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Short exposure readout problem

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Short exposure readout problem
« on: 11 / November / 2010, 07:35:14 »
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Re: Short exposure readout problem
« Reply #1 on: 11 / November / 2010, 09:57:21 »
Hello and welcome.

In removing the camera lens, you have also removed the mechanical shutter that closes AFTER the image is captured.

I had a similar effect with a lensless camera mounted on a microscope.

I had to make a tiny shutter using a pager motor and thin metal shim from feeler gauges.


If you have photos of your camera conversion, I would be interested in seeing large images, preferably here otherwise contact me.


David
« Last Edit: 11 / November / 2010, 10:12:47 by Microfunguy »

Re: Short exposure readout problem
« Reply #2 on: 11 / November / 2010, 11:32:32 »

Re: Short exposure readout problem
« Reply #3 on: 11 / November / 2010, 11:47:32 »
« Last Edit: 11 / November / 2010, 11:52:04 by Microfunguy »


Re: Short exposure readout problem
« Reply #4 on: 11 / November / 2010, 11:58:25 »

Re: Short exposure readout problem
« Reply #5 on: 11 / November / 2010, 12:02:07 »
You mention that you what to capture as much light as possible ... of course.

The telescope eyepiece forms an image of the objective at the 'eyepoint'.

In afocal systems, you position your unmodified camera at such a position that the eyepoint corresponds with the aperture position.

You are then capturing all of the light.

You will have to zoom a little to get inside the image circle.


Re: Short exposure readout problem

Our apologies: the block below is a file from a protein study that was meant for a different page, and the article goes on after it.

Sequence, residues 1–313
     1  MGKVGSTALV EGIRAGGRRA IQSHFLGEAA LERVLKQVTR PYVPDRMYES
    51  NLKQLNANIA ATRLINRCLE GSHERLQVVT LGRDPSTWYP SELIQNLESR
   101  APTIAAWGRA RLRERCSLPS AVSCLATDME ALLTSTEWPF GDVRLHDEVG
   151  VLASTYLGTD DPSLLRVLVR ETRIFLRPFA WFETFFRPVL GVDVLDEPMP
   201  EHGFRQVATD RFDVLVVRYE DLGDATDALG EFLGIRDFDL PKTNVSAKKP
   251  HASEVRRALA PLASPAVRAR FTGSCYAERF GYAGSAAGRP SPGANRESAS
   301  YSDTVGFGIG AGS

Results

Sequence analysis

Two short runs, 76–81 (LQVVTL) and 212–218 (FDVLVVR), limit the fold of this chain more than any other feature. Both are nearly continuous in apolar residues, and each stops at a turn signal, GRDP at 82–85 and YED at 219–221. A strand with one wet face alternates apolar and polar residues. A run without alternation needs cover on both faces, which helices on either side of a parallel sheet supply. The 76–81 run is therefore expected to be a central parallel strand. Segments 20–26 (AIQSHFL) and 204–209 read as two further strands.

« Reply #6 on: 11 / November / 2010, 12:20:41 »
« Last Edit: 11 / November / 2010, 12:39:36 by Microfunguy »

Re: Short exposure readout problem
« Reply #7 on: 11 / November / 2010, 16:58:38 »
I see the shutter may be the problem but I Aldo see this in the same cloudynigths page:

Quote
I found out this model does not use electronic shutter. In day-light photos, 1/30 and 1/320 shows the same amount of the exposure since there is no mechanical shutter any more.

Interesting to note that I also found out some of this model's aperture settings are simulated since there is no true iris/shutter-blades but just a full-open or ND-filter mechanical design.


Re: Short exposure readout problem
« Reply #8 on: 11 / November / 2010, 17:17:22 »
I am not sure what he is saying.

can you set the shutter speed on the A530 ?

Re: Short exposure readout problem
« Reply #9 on: 11 / November / 2010, 17:24:29 »
Yes, but I don't know if there's any difference with too short exposure time. I will try later.

And post the pictures!

Thanks for your help

 

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